The Six-Minute Walk Test (6MWT)

The six-minute walk test (6MWT) was originally used for evaluating exercise tolerance in people with chronic lung disease and heart failure. The test has since been used as a one-time measurement of functional status in a variety of patients, to provide information about a patient’s ability to perform activities of daily living and to evaluate the response of exercise on certain bodily systems, including the heart, lungs, blood and circulation.

Couple Jogging Outside

What Does the Six-Minute Walk Test Measure?

The 6MWT measures the distance you can walk over a total of six minutes on a hard, flat surface. The main goal of the test is to walk as quickly as you can and as far as possible in six minutes along a marked walkway. During the test, you’ll be encouraged to walk at your own pace and rest as needed.

How to Prepare for the 6MWT

On the day of the test, you should:

  • Dress in comfortable clothing.
  • Wear appropriate shoes.
  • Avoid eating for at least 2 hours before the test (if possible and appropriate).
  • Take any prescribed bronchodilator medication within one hour of the test or when you arrive at the testing facility.
  • Rest for at least 15 minutes before starting the test.

Before the Test

A technician will record your blood pressure, heart rate, oxygen saturation and your dyspnea (shortness of breath) score before the test begins and immediately following completion of the test. To measure your level of dyspnea, the Borg Scale will be used that ranges from 0 (no dyspnea at all) to 10 (very, very severe dyspnea). Your technician will show you the scale and give you instructions on how to use it to obtain a score. Once your vital signs are recorded, the technician will give you instructions on how to complete the test.

During the Test

If you normally use walking aids to ambulate, such as a cane or walker, you’ll want to use them during the test. Once you begin, you’ll be permitted to slow down or stop and rest when needed. When resting, you can lean on the wall but should remain standing. Also keep in mind if you stop to rest, the timer will continue, so you should start walking again as soon as possible. Your technician will be monitoring you throughout the test, and will periodically report how many minutes have elapsed. Should you have any concerns, both before and after your test, you should immediately advise the technician.

Reasons for Stopping the Test

Your technician should stop the test, if, at any time during the test, you experience:

  • Chest pain
  • Intolerable dyspnea
  • Leg cramps or extreme muscle fatigue
  • Evolving mental confusion, lightheadedness or lack of coordination
  • Persistent oxygen saturation of less than 85%
  • Any other clinically warranted reason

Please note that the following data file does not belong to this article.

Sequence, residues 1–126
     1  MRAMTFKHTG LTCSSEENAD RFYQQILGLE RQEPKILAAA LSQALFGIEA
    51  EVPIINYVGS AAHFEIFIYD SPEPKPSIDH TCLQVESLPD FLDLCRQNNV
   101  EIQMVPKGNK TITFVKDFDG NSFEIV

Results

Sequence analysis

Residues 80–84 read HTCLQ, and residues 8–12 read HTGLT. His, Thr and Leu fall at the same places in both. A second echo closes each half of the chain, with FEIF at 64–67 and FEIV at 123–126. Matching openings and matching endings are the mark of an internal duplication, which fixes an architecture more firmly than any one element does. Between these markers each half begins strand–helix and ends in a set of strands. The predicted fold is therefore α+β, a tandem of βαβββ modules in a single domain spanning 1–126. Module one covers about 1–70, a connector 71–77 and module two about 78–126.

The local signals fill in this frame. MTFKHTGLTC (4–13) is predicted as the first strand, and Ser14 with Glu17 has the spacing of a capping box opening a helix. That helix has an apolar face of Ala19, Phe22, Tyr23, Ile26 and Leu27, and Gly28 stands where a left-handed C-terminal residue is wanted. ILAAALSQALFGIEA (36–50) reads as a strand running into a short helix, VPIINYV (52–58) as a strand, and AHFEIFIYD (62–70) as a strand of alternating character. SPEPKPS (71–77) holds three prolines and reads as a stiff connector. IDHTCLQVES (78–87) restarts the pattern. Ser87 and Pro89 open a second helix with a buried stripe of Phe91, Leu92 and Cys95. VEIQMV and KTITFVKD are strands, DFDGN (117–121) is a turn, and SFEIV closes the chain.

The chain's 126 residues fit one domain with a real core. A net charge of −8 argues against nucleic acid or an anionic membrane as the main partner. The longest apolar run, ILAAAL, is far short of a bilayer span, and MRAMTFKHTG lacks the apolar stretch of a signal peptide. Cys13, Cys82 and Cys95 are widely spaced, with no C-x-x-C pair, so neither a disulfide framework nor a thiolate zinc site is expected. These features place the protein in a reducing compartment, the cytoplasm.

Test Results

The 6MWT should be performed twice – once before and once after the implementation of an exercise training program to determine if the program has been effective.  One of the goals of an exercise program is for the patient to be able to walk further during the second test than he or she did on the first test.

The 6MWT, in healthy adults, has been reported to be in the range of 400 meters (1,312 feet) to 700 meters (2,297 feet). Reference standards based on age and sex are available for interpreting 6MWT scores for both healthy adults and people with chronic illnesses. A meaningful improvement between the first and second test is thought to be 54 meters (177 feet) based on studies of people with chronic lung disease but this number varies depending upon which study you read.

For more information about the six-minute walk test, talk to your primary care provider.


American Thoracic Society. ATS Statement: Guidelines for the Six-Minute Walk Test. Am J Respir Crit Care Med. Vol 166. pp 111–117, 2002. DOI: 10.1164/rccm.166/1/111.

By Deborah Leader RN, BSN, PHN



6 thoughts on “The Six-Minute Walk Test (6MWT)”

  1. Avatar Mike Diesbecq says:

    I have COPD for the past 3 years how do I contact someone to do the test with me please ?

    1. Web Admin Web Admin says:

      Have you had a conversation with your doctor? This is something they should be able to help you with.

    2. Avatar Mary Diggs says:

      My pulmonary doctor in Kuwait referred to a pulmonary rehab clinic because of my PFT readings. At first, when they looked at my O2 readings they did not believe I needed rehab. So, they did a 6 minute walk test. 2-1/2 minutes into the test, I wanted to use my inhaler but I was too embarrassed to use it. The technician checked my O2 level. It was at 75%. The technician stopped the test. The rehab, showed me 2 different methods of breathing. I was already using one method. There was nothing more they could do for me other than give me medicine, and tell me to continue to use my oxygen concentrator. I was diagnosed in 1985.

  2. Avatar Pamala Piazza says:

    Awesome website you have here but I was curious if you knew of any user discussion forums that cover the same topics talked about in this article? I'd really love to be a part of online community where I can get advice from other experienced people that share the same interest. If you have any recommendations, please let me know. Bless you!

    1. Inogen Inogen says:

      Hi Pamala, Thank you for the compliments! There are a few COPD online communities that might be of interest to you. One of which is For more information about them, please visit our blog post:

  3. Avatar Maureen Hearty says:

    Can you use oxygen while taking the test? Our mother is on continuous oxygen. Also, if you cannot pass the test, would you then qualify for Medicare to pay for a portable oxygen concentrator?

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